Analyze the politics of the Organizational Chart Office often bypass the formal organizational structure. So sit back and observe for a while, then chart the organization's political power and influence, rather than the rank or job title of the men. Understand the Informal Network It's time to look at the connections and relationships between people to understand the informal or social networks until you know where the power and influence lie. Watch closely (but discreetly and respectfully) to find out who's getting along with who, and who finds interacting with others more difficult. Look for cliques, in-groups or out-groups. Notice if the connections are based on friendship, respect, romance, or otherwise. Eventually, try to decipher how forces move between the parties and whether interpersonal problems occur.

 

Create connections You can start building your own social network now that you know how current relationships work. Look outside the immediate squad, and in all ways cross the hierarchical hierarchy–peers, supervisors, and executives. Do not be afraid of people with political power. Instead, get to know them and build connections of high quality that avoid empty flattery. Be nice to everyone but avoid getting too closely aligned with one party or another. And, if you're considering a personal relationship at work, be sure to base it on consent, avoid any suggestion of unlawful or inappropriate influence, and never break privacy.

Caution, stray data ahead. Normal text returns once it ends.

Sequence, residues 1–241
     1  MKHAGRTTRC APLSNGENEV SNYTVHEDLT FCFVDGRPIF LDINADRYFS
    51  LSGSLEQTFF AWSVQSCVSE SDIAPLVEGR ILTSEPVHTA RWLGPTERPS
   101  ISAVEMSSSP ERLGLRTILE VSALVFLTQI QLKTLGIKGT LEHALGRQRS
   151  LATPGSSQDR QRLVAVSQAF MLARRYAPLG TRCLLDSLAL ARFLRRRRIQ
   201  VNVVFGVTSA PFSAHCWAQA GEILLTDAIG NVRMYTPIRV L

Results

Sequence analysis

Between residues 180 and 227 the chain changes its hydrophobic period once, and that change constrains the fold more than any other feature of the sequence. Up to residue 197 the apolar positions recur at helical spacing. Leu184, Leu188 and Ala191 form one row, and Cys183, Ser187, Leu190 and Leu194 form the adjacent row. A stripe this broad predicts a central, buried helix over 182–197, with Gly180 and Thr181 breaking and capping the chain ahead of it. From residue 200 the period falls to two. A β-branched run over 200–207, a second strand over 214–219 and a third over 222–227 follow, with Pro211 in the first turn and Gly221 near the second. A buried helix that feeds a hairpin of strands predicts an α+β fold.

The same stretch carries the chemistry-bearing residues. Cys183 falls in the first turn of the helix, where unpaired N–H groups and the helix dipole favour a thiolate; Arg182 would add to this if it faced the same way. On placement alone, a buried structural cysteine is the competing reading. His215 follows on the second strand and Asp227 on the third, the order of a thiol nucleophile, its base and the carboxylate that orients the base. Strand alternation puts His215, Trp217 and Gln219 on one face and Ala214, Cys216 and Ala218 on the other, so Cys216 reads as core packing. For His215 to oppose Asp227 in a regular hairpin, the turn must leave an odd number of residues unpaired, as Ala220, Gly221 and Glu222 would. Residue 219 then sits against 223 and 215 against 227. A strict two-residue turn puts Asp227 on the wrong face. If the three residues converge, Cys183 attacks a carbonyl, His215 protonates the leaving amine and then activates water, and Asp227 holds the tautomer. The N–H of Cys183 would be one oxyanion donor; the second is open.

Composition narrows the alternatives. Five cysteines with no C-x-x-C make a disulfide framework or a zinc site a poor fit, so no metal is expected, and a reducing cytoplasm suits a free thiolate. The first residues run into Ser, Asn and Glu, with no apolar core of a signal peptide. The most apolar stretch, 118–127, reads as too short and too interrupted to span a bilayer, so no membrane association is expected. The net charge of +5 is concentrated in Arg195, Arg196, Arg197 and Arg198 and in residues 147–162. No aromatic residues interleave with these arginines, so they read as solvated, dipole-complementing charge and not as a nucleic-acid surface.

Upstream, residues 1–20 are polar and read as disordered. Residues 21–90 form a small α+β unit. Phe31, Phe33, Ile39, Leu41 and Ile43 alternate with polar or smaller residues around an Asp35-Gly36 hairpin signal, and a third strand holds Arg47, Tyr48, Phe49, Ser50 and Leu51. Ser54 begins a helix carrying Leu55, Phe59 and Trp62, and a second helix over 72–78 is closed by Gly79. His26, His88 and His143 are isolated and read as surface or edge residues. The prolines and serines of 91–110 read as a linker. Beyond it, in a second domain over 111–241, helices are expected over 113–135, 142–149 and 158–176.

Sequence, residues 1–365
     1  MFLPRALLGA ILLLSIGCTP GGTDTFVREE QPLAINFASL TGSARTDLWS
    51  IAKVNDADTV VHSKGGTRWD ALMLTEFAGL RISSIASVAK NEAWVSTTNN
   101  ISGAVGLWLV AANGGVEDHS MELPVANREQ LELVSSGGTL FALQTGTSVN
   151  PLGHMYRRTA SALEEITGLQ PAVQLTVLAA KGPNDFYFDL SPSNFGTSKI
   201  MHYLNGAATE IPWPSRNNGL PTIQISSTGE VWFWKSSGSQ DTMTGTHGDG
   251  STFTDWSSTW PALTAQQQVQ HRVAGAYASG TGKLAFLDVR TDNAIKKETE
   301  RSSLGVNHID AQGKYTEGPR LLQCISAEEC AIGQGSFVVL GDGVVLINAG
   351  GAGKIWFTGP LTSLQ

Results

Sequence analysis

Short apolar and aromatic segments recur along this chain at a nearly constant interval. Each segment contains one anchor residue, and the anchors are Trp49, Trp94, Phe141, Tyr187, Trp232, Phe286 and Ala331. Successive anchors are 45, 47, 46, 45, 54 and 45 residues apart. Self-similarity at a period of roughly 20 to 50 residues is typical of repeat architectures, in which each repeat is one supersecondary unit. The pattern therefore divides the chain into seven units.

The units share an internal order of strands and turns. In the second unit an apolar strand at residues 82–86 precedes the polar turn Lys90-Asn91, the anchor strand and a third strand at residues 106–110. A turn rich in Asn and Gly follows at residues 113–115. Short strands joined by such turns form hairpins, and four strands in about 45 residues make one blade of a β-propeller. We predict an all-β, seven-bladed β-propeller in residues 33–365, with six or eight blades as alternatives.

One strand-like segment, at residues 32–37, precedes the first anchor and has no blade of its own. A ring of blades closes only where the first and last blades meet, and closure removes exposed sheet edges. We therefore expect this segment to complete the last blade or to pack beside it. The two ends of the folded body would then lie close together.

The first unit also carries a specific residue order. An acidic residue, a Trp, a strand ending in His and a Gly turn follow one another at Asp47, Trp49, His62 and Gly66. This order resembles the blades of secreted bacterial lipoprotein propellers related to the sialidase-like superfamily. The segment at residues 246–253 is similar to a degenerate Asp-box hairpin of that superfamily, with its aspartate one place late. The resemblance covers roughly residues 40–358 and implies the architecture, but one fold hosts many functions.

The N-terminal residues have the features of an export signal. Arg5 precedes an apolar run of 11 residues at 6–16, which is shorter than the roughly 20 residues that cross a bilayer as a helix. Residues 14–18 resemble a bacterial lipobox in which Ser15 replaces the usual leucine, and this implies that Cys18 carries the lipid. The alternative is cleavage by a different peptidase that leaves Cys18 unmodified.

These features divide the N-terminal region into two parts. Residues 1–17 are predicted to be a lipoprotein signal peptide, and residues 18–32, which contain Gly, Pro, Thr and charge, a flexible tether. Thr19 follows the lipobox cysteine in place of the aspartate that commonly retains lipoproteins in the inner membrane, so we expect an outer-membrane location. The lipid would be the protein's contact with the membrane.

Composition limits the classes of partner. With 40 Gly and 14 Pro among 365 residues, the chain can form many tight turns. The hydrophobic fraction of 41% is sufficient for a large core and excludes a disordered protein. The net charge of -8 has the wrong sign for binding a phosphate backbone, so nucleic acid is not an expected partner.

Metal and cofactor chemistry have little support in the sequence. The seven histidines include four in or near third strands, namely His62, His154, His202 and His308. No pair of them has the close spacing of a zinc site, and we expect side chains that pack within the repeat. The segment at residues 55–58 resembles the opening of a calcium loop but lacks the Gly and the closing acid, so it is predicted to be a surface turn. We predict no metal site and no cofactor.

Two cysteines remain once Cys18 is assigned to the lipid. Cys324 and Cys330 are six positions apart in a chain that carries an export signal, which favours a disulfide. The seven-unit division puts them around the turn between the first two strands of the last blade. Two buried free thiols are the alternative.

Build your "people skills" As we have seen, politics is all about people, so when it comes to building and sustaining your network, solid interpersonal skills will place you in good stead. Reflect on your feelings, what motivates them and how you treat them. If you can learn to self-regulate, you can think about it before you act. This kind of emotional intelligence also lets you perceive the feelings of other people, and consider what kind of approach they like or hate. Learn carefully to listen, too. When you invest time in listening, you are going to slow down, concentrate and understand. People like people who listen to them!